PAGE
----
The Iran nuclear deal poses colossal challenges to Israel on many levels, among them how effectively Israel's voice is being heard in Washington and in the region. AIPAC has made some excellent arguments about why the deal should not be approved by the U.S. Congress, citing the absence of anytime, anywhere short-notice inspections (which is how the Obama administration initially characterized the deal), a failure to make sanctions relief conditional on full Iranian cooperation with the IAEA, the absence of military site inspections, and that it gives the Iranians the ability to store most of its centrifuges, rather than destroy them. There's only one problem - according to three recent surveys, most American Jews, and most Americans more generally, favor the agreement.
Before the Iran deal was reached, 59 percent of American Jews supported the idea of agreement, and virtually the same number (60%) supported the deal after it was concluded, according to polls conducted with 1,000 adults who identified themselves as Jewish in June and July by J Street. This exceeds the percentage of overall adult Americans who support it (56%), according to a poll conducted by ABC News and The Washington Post immediately after the agreement was signed in Vienna.
Given the agreement's numerous flaws (as noted above), one wonders how many of these people have actually read the agreement, understand it, and have thought critically about it. Presumably, very few.
In this Kafkaesque scenario, what chance do AIPAC and Israel have of successfully influencing Congress's vote? The short answer is not as much as many would like to believe, for two reasons.
First, it appears that AIPAC does not represent the views of the majority of American Jews. Of the approximately 5.5 million Jews in the U.S., fewer than 100,000 are members of AIPAC, and most appear not to identify with its conservative platform. Second, although AIPAC has punched very much above its weight with great impact for decades, whatever impact it may have on this particular issue through its hearty lobbying will be a byproduct of the domestic political dynamics accompanying the debate in Washington, rather than the driving force behind it.
Despite the polling, there is growing opposition to the deal in Washington and around the country, and it appears likely that Congress will vote to reject the deal and that President Obama will override it. There is also a very real chance that Congress will override the override, as its details become more widely known among constituents, even though many political pundits don't see it that way at the present time. Regardless of how the vote plays out, Middle East politics are likely to get even more complicated, but in the process, it may actually enhance AIPAC and Prime Minister Benjamin Netanyahu's ability to influence the dialectic going forward.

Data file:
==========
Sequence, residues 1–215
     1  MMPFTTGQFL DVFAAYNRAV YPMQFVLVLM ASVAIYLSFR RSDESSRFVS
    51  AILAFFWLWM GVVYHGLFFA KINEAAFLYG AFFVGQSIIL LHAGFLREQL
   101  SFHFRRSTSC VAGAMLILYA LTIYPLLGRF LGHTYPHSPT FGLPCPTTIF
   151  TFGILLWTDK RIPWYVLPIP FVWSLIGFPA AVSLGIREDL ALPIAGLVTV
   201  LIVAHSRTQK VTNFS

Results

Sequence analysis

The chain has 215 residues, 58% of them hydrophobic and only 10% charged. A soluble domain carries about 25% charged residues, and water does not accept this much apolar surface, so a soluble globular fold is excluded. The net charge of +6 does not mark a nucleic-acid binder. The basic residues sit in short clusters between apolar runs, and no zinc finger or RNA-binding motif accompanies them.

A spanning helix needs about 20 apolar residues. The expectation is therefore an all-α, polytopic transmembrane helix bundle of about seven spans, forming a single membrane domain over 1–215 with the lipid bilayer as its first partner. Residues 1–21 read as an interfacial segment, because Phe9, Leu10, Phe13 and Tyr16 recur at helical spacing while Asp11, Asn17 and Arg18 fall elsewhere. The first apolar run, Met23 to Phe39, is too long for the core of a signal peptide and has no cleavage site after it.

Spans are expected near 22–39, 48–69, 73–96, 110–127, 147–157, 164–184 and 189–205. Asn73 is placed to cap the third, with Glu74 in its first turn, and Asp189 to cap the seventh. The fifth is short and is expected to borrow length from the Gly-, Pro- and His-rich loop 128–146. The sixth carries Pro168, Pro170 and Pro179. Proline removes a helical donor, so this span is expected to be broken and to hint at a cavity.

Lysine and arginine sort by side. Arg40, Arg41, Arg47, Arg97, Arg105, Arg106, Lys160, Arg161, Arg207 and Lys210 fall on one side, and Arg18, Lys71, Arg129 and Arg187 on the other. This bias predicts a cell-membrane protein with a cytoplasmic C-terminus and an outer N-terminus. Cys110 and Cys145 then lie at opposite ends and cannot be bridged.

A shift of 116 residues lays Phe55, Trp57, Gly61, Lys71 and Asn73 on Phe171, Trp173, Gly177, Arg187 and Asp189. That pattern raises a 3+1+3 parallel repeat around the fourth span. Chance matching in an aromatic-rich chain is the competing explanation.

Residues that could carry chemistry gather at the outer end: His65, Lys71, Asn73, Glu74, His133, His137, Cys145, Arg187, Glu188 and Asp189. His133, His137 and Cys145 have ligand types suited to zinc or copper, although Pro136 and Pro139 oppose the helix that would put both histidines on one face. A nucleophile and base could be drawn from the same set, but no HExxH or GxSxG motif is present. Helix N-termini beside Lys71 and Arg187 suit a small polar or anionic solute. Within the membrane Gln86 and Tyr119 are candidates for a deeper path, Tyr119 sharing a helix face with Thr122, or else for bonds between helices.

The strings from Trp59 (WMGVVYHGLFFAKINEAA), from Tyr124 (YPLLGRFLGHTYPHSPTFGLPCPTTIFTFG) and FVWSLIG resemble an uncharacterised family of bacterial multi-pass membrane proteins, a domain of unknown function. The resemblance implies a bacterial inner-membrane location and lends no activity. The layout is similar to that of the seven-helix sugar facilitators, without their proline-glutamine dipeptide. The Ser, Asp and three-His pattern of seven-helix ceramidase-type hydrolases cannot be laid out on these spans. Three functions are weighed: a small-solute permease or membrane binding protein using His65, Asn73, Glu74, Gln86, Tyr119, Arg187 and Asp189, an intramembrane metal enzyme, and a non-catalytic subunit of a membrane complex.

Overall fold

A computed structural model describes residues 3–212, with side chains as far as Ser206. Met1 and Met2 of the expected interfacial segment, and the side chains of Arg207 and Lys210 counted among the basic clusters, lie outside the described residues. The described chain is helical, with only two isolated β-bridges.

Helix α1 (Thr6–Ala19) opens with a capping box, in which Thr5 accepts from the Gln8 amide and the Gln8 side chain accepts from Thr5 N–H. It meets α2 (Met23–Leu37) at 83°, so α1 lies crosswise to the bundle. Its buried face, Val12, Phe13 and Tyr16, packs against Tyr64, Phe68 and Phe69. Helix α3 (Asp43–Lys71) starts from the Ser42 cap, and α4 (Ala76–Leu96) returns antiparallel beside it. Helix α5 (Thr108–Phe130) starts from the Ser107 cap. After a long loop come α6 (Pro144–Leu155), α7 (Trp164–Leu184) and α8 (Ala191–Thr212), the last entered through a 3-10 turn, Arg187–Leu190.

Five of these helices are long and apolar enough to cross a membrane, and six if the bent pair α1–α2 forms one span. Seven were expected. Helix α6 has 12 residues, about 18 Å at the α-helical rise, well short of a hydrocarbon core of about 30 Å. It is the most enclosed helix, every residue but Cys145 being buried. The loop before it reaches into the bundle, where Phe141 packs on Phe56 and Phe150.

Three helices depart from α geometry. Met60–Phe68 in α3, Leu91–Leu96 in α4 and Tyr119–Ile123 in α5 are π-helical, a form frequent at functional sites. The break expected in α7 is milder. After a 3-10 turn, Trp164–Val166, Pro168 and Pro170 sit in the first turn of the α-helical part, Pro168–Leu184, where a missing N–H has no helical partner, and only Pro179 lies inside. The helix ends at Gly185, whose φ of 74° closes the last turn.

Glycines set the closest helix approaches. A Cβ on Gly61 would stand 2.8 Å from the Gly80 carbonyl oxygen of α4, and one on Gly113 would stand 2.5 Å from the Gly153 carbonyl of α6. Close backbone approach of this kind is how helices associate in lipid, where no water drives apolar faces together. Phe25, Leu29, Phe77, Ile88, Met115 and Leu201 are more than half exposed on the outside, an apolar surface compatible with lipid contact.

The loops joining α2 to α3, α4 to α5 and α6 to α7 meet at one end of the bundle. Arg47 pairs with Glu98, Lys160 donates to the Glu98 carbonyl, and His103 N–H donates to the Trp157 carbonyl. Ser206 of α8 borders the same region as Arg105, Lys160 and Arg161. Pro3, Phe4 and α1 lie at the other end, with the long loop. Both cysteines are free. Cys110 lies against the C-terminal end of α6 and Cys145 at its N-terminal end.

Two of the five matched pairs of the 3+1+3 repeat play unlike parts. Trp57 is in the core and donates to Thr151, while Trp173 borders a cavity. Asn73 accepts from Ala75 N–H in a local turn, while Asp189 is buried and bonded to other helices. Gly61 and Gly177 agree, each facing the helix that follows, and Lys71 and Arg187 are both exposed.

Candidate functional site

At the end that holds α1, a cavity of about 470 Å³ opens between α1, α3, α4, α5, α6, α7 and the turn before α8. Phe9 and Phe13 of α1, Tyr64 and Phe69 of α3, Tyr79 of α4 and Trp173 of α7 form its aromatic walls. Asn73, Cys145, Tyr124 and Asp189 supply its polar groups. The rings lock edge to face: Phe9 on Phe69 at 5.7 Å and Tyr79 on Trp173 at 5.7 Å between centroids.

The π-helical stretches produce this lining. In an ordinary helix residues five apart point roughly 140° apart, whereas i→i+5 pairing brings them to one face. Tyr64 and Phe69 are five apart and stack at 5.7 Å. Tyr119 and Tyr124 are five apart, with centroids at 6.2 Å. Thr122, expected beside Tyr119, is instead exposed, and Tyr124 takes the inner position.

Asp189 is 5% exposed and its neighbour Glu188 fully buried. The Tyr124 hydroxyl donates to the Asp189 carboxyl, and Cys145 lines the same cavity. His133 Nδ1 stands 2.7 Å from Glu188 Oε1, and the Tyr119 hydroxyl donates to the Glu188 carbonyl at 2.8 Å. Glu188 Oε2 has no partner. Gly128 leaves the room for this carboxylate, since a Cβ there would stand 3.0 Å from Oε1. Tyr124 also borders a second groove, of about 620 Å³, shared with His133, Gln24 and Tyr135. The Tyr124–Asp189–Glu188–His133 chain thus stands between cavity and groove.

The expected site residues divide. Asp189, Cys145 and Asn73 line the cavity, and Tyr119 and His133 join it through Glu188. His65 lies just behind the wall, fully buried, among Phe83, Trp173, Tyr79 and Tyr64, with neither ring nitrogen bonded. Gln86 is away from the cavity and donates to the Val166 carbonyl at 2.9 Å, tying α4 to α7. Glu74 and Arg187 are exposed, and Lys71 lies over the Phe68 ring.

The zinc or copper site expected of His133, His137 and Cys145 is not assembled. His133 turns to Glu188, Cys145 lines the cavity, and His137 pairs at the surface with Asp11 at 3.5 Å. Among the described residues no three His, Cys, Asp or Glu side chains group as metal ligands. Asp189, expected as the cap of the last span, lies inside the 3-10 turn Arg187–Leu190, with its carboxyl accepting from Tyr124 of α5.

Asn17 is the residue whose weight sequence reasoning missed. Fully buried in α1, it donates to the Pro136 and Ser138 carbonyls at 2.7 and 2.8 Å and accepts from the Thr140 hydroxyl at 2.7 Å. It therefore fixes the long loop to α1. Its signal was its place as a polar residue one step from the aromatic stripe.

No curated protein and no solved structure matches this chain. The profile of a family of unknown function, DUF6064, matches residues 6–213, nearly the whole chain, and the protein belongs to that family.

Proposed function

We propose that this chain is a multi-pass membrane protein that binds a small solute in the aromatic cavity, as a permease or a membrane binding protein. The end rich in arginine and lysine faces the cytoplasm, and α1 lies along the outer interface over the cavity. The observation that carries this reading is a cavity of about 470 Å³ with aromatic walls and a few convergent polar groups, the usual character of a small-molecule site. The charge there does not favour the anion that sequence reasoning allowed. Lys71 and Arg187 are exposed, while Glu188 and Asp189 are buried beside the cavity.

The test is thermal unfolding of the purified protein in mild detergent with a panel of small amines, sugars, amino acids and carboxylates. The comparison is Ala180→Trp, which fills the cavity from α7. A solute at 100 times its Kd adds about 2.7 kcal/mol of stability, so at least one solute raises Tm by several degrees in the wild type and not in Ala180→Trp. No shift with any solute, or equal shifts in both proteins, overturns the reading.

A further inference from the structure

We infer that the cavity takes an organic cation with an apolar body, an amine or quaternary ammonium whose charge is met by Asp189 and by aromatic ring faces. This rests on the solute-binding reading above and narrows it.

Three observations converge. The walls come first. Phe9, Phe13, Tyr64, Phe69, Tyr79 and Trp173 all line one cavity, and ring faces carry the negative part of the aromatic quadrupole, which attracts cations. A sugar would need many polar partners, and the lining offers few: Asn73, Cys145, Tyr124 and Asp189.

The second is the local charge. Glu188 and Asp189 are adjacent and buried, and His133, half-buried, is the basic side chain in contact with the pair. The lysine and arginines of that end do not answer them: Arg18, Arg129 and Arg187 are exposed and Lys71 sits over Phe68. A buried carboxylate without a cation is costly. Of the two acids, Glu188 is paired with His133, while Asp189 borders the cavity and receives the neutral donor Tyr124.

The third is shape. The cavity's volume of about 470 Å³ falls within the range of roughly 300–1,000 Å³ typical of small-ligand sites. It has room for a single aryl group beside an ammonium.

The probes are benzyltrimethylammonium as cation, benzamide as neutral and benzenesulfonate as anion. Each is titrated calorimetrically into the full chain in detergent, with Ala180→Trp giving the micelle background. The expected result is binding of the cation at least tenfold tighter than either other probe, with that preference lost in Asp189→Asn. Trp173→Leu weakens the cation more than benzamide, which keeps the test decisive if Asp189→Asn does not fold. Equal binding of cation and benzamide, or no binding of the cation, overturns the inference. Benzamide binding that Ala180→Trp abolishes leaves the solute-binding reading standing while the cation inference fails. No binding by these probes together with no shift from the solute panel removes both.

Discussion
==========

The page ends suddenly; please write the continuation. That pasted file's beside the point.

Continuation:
Whether the deal is rejected or not by the U.S. Congress, in the process, conservatives in Israel and in the US will have enhanced their ability to flex their lobbying muscles going forward, and Israel will be well positioned to receive enhanced defense assistance from the U.S. The reason Israel should see a net benefit in that regard is because either the perceived threat from Iran's proxies will grow if the deal is approved, or US lawmakers will want to grant Israel some defense "sweeteners" should the deal not be approved, to make amends with Israel. The Iran deal masks the strength of the bilateral military relationship between Israel and the U.S., and whoever occupies the White House starting in 2017 should have a better relationship with the Israeli government than President Obama has had.
From a regional perspective, the Israeli government will certainly not change its tune if the deal is approved. The nascent threat from Iran will of course continue, and very likely worsen, as a result of Iran's enhanced ability to support its proxies throughout the region. Additional defensive weapons from America will no doubt prove useful over time.
While Israel will likely see a net loss in terms of an even more hostile regional landscape, it will gain from its budding marriage of convenience with Saudi Arabia (which also vehemently opposes the deal, even though it will not publicly state so) and the other Gulf states which share a similar view of Iran. That dynamic will no doubt contribute to the tectonic shifts going on in the region, so Israel will not be left out of the equation. We should expect other "unusual" regional alliances to emerge - both in favor and against Israel's interests - in time.
With the U.S. and Turkey finally making some military overtures in Syria, and with a pan-Arab military force having been utilized against the Houthis in Yemen, there is some reason to believe that the landscape may start to shift a bit more in Israel's favor, should those forces be used against Iranian interests in Syria and Iraq. But the political mosaic that is the Middle East is, and will remain, entirely unpredictable. There is as much chance that the Islamic State will grow in size and strength as that it will be defeated in the near term. At least Israel has the benefit of knowing that all the other parties are busy killing each other and that it is not the immediate target of the ongoing conflagration in the region. If Israel plays it cards right, its influence in Washington and the region could very well grow.